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STEPS-TAKEN: Not sure what the source of the problem is, but the quick description of the bug is that:

  • I install all required software, SDKs, configs,
  • Then create two new projects each using the tabbed-window template, each of which support deployment to Android.
  • Then I run one project via Titanium Studio's Run option, let the Android Emulator load, and confirm it's the app is installed an working.
  • Then I closed the emulator, and then run the other project the same way as the last, though when the app is shown on the screen it has the name of the first app, not the app run.

FIXES-TRIED: I've attempt executing "Project >> Clean" for all projects before the second run, and still get the same "bug".

SETUP: To my knowledge all of my configs are correct, and clearly the build "works" though it is very possible there is something wrong with my installation build chain to get to the point I'm running the app in Titanium Studio via the Android Emulator.

ERRORS: I've reviewed the console output for FastDev, AppInstall, Android-Emulator, etc and have seen no error messages that jump out; meaning I have seen no error messages, except for build.py error after the first script runs saying it didn't find the script running on a port when it attempt to kill it; given the request is to kill itself, and it's not found, I just assume this is a confusing way of saying the script did what it was suppose to do.

Current build: is on Windows-XP-SP3 using TiStudio 2.0.1 build, JavaSDK 1.6, r18-Android, and Android-2.2

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Recent emulators have persistent state, so your second launch probably gets back the system you were running before. Try pressing home to the launcher and see if your new app is installed (I assume it has a different name!). Also find and start paying attention to the logcat and eclipse messages about what is going on in the emulated system and install attempt. Finally, if you get frustrated you can create a new emulator avd to have a clean slate, though you don't want to be doing that every time. –  Chris Stratton May 3 '12 at 18:02
    
+1 @Chris Stratton Yes, the info is difference anywhere new project info is required, those being the "project-name" and "app-id". I've pressed home before, and scrolled through all the apps to make sure the second app wasn't just added, instead of being present just by itself -- doing so appears to have made no difference. Trying deleting the AVD. To my knowledge, I've reviewed the console output for all the entries for AppInstall, Android-Emulator, FastDev, etc - and seen no errors other than the one noted above. THANK YOU for the feedback! –  blunders May 3 '12 at 18:16
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Try building one of the simple sample projects in the samples/ directory of the sdk using eclipse (or however you are building your 2nd app), and see if you can install and run that from eclipse. If not, there's probably a problem with your setup or usage, if the sample works and your app doesn't, then there's likely a poblem with your app. –  Chris Stratton May 3 '12 at 18:23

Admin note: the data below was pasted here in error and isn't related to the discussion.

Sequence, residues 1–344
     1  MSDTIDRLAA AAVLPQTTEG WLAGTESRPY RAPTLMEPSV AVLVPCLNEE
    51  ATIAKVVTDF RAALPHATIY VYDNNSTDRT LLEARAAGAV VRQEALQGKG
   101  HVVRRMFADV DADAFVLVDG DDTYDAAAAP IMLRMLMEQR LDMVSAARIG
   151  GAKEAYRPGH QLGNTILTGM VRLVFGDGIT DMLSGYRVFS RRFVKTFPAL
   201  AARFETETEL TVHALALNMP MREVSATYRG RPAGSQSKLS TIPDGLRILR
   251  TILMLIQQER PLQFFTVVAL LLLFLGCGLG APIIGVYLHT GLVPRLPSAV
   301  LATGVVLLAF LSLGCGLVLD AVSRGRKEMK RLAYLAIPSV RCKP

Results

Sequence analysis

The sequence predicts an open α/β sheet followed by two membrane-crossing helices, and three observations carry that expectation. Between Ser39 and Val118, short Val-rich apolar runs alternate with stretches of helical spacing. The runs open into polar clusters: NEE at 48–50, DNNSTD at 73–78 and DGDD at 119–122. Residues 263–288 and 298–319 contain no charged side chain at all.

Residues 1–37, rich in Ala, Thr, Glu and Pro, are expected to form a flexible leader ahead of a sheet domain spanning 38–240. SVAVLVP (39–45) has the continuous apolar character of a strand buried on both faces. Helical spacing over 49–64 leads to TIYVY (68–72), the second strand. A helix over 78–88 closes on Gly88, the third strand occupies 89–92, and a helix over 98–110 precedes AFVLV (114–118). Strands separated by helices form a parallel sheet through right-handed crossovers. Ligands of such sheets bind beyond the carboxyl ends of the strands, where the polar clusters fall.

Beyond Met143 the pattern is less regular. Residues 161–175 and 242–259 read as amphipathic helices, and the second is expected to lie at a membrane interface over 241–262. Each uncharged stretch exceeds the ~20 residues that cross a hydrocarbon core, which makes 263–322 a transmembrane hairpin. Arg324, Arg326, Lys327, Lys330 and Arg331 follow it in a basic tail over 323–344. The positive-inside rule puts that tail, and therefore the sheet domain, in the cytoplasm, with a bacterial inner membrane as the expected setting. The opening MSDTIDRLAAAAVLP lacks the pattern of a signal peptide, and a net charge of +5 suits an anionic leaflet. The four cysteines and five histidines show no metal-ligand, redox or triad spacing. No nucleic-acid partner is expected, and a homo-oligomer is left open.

@Chris Stratton: Appears delete the AVD and rebuilding it from within Appcelerator's Titanium Studio did the trick; is possible if not likely that I some how corrupted the build chain attempting to run the build script from outside of the IDE. Anyway, huge thanks again, I'd oddly thought to delete the AVD before, though of all the other things I attempted I never got to trying it; in part because I have no idea how FastDev, AVD, the Android Emulator, Appcelerator's custom build script, etc work together. Please feel free to post "Delete the AVD" as the answer, since it appears to have worked. –  blunders May 3 '12 at 19:18
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1 Answer

up vote 1 down vote accepted

Recent emulators have persistent state, so your second launch probably gets back the system you were running before.

You should not have to resort to this on a regular basis unless something is broken in the workflow, but deleting the AVD and making a new one should get you a clean slate.

I believe there is also a startup flag to the emulator which tells it not to use the checkpoint from a previous run, but start from scratch - you could try to change your configuration to use that flag.

A downside to either deleting or forgoing checkpoints is that the emulator will take longer to start up.

Really though, you are supposed to be able to re-install or launch a given application, or install a completely different one, all within the same running of an emulator. You aren't supposed to need a new emulator, any more than you need to go buy a new device (or perform a factory reset on it). So something is not right in the setup, and the best solution for long term productivity is to identify and fix that. Short term of course, you might need to wipe the slate clean if that helps you meet today's deadline.

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